​Congress approves plan to train Syrian rebels in defense bill

​Congress approves plan to train Syrian rebels in defense bill
Congress overwhelmingly passed a new defense spending bill that will allow the Pentagon to carry out its budding plan to arm and train rebel groups in Syria as part of the military campaign against Islamic State militants.

Additionally, the bill allocates a total of $577 billion for overall defense spending – a number that includes $64 billion in funding for overseas war ventures in countries such as Afghanistan, Iraq, and Syria. Also included is a one percent pay rise for military troops.

Senators passed the bill, which establishes defense spending levels for fiscal year 2015, by a vote of 89-11. Since the House of Representatives passed the same measure last week, it now heads to President Barack Obama for his signature.

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One of the most significant portions of the bill is a two-year authorization for the training of rebels in Syria, with the United States hoping they can become capable enough to combat Islamic State fighters within the country. The Islamic State (IS, or ISIS/ISIL) has become a destabilizing force in Iraq and Syria, where it has become known for its extremist view of Islam and brutal violence.

Training won’t be limited to Syrian rebels, though, as the defense bill approves of further training to Iraqi and Kurdish forces.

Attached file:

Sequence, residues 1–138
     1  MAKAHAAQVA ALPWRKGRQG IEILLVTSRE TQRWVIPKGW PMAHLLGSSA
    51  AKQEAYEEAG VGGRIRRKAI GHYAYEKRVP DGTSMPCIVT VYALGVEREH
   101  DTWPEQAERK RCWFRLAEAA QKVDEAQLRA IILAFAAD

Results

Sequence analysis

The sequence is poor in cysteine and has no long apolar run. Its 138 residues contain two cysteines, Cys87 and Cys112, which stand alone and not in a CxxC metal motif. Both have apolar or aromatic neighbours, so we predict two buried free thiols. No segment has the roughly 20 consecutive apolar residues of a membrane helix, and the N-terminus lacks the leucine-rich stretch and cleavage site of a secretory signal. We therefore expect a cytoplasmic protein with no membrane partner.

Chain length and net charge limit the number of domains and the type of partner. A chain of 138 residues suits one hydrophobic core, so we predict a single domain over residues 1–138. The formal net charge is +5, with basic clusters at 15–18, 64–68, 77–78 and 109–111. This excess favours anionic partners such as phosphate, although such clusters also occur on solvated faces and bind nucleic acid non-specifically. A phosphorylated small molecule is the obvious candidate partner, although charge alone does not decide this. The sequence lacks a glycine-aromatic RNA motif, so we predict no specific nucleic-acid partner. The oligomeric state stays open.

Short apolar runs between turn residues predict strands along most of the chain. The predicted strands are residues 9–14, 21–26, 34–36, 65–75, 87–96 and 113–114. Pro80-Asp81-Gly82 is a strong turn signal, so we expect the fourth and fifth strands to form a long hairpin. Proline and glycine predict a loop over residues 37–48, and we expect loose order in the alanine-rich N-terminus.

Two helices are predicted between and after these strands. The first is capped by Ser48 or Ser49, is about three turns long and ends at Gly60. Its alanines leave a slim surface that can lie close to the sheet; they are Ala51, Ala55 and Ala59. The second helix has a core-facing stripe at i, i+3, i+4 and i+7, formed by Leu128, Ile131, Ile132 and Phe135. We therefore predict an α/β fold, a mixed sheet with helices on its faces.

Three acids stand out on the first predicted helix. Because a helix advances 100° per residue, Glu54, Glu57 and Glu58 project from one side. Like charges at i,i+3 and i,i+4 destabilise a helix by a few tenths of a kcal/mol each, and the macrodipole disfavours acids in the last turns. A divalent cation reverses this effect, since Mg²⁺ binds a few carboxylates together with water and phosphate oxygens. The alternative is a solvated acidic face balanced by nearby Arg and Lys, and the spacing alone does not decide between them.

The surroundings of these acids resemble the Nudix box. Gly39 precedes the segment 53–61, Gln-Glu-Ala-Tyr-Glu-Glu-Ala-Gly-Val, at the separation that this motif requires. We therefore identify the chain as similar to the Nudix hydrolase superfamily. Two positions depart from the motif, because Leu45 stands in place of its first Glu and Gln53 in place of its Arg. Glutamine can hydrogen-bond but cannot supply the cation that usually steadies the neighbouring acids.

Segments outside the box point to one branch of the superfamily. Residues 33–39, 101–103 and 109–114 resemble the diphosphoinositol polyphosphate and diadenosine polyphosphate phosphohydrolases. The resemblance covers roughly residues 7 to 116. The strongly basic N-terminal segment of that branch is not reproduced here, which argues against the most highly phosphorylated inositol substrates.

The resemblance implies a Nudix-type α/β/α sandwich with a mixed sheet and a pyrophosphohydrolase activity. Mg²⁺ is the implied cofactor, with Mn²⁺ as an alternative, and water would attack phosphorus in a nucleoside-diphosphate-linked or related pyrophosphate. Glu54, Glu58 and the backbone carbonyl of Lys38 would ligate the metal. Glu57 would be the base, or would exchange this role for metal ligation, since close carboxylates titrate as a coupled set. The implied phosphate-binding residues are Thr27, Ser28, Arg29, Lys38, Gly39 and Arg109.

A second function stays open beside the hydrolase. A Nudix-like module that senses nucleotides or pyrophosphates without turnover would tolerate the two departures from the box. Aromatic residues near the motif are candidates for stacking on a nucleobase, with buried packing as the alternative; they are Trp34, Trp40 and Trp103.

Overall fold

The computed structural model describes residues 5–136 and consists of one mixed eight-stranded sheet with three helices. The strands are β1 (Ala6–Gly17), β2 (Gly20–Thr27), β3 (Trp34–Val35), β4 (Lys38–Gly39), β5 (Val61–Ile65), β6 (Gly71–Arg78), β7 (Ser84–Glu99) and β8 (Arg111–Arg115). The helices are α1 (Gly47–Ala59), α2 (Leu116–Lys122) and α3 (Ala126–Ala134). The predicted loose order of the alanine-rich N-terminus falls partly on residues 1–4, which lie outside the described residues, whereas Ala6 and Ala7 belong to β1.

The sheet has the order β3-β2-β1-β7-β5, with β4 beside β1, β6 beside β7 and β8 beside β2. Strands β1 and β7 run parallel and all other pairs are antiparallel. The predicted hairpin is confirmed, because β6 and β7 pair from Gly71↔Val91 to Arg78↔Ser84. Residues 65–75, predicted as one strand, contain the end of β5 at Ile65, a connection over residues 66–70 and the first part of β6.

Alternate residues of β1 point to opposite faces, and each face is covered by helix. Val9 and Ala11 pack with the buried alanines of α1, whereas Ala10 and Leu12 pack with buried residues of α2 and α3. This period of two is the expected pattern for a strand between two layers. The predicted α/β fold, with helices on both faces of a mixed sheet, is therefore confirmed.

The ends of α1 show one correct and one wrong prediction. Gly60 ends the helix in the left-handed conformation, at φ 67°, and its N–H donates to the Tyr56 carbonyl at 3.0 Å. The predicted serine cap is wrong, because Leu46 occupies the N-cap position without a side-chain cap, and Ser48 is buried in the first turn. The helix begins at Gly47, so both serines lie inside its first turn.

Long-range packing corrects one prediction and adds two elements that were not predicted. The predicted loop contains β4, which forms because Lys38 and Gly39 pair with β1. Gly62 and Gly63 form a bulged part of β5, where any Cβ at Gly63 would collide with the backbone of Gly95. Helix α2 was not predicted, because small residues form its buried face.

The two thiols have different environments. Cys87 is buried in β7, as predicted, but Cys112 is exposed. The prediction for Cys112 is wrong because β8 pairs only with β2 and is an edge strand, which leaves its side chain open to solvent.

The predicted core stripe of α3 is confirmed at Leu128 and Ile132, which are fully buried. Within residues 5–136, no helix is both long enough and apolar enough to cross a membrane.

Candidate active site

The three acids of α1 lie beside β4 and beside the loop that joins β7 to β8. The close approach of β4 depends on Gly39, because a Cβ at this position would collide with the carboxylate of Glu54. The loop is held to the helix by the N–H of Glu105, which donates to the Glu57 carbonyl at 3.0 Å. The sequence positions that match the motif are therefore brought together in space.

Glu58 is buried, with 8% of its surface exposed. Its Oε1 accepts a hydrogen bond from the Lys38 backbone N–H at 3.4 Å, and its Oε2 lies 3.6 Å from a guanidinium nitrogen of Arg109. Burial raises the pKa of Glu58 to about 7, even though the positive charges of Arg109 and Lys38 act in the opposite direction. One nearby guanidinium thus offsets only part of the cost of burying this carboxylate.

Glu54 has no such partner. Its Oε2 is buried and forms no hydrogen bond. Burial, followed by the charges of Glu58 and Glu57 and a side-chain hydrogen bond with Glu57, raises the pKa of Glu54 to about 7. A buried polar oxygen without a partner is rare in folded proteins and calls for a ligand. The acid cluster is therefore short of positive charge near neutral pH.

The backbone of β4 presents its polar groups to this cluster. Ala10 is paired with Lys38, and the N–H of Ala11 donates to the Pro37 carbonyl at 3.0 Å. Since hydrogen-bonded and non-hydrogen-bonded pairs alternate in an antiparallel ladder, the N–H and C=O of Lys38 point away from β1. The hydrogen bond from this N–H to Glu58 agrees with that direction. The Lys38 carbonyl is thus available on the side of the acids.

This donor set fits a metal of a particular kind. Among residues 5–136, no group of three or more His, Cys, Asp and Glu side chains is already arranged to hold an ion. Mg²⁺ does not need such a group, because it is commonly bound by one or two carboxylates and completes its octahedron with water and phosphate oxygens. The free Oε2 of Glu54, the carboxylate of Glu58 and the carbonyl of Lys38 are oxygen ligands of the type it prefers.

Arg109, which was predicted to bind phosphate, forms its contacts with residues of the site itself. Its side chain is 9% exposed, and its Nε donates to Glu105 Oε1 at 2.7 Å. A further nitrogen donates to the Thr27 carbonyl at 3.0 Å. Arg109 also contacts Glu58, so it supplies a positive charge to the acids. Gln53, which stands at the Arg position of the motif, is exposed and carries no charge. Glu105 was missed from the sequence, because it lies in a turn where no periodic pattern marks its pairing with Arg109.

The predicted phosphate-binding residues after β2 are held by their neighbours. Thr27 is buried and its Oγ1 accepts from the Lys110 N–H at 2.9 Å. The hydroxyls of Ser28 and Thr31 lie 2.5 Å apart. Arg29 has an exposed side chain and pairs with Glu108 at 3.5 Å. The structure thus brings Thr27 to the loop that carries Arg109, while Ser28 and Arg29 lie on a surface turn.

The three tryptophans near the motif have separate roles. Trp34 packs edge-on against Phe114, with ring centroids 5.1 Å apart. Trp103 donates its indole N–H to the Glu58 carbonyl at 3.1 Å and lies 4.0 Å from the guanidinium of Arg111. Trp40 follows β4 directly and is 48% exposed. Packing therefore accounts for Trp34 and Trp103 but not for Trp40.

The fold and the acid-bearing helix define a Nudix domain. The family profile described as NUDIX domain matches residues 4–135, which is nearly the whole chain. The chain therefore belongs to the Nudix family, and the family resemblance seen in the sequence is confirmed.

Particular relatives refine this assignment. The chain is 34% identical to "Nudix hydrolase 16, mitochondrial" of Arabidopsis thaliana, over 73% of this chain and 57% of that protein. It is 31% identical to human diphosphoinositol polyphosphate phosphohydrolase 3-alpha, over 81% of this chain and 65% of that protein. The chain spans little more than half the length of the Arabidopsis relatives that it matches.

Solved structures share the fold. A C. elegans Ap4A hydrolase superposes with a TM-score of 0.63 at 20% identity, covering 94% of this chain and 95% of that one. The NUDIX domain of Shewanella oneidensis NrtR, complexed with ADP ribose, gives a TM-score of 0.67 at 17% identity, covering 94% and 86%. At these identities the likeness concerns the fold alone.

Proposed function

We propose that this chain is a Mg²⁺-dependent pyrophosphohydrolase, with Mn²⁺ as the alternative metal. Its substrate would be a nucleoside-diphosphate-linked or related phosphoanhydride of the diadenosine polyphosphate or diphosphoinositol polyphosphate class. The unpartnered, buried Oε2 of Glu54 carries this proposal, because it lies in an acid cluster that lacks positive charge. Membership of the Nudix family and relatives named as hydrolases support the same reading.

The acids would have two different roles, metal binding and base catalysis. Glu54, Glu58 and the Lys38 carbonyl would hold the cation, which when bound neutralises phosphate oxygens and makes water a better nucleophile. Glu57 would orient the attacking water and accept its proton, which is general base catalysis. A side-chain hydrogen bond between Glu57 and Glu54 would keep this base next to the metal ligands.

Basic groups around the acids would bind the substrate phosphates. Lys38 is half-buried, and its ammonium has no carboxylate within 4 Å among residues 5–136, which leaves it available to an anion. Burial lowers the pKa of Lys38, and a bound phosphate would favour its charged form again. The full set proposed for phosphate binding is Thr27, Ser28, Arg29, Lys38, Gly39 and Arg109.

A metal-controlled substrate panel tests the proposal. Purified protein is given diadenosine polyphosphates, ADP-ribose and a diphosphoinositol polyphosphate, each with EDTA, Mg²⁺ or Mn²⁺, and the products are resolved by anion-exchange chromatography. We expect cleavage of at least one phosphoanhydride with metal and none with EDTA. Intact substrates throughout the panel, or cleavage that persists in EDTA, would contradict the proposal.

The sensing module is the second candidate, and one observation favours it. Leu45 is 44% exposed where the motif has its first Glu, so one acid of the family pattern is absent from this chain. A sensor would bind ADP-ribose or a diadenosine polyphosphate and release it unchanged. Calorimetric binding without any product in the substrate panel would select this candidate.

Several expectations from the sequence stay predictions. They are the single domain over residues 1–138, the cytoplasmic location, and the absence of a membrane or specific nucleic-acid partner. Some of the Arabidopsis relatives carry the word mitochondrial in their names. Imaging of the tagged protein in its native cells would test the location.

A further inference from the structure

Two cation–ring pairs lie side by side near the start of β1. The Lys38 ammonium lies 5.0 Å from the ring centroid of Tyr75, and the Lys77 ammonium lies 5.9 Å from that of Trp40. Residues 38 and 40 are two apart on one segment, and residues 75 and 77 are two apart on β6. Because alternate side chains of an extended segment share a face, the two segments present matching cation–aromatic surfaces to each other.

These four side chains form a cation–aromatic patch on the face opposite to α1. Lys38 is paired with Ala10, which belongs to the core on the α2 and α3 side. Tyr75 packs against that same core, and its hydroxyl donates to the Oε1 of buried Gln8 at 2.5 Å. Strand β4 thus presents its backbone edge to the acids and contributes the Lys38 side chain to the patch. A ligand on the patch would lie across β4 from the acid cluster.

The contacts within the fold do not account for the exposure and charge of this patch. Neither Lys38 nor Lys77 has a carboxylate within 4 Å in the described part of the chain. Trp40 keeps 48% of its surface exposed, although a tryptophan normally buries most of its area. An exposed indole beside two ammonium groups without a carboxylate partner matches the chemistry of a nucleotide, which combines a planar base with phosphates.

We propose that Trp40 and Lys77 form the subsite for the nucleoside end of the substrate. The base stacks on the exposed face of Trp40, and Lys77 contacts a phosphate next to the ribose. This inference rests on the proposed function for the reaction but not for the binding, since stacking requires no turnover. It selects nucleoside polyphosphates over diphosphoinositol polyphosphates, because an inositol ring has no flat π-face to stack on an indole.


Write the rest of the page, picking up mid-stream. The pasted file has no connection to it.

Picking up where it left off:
"American air power had changed the momentum on the ground somewhat and given moderates in the region an opportunity to regroup, but ISIS cannot be defeated without an opposing force to take the fight to it on the ground," Sen. Carl Levin (D-Mich.), chairman of the Armed Services Committee, said to AP.

"To do that, our Arab and Muslim partners must be in the lead because the fight with ISIS is primarily a struggle within Islam for the hearts and minds of Muslims."

Reuters / Muzaffar Salman

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Still, the training program has come under serious scrutiny, since it is unclear whether or not the Pentagon knows which groups of rebels it wants to train. Some lawmakers and critics of the plan argue that the US cannot know how trustworthy rebel groups would be, considering they are interested in removing Syrian President Bashar Assad from power, and warn of the possibility of American weapons ending up in the hands of IS militants.

In addition to properly vetting rebel groups, there is an issue of numbers. The Pentagon said in September that it may need to train up to 15,000 rebels to effectively fight IS.

Outside of these training programs, the defense spending bill keeps in place restrictions on President Obama’s ability to close down the Guantanamo Bay prison complex in Cuba. It will not allow the White House to transfer detainees into the US, making it difficult to remove them from the prison.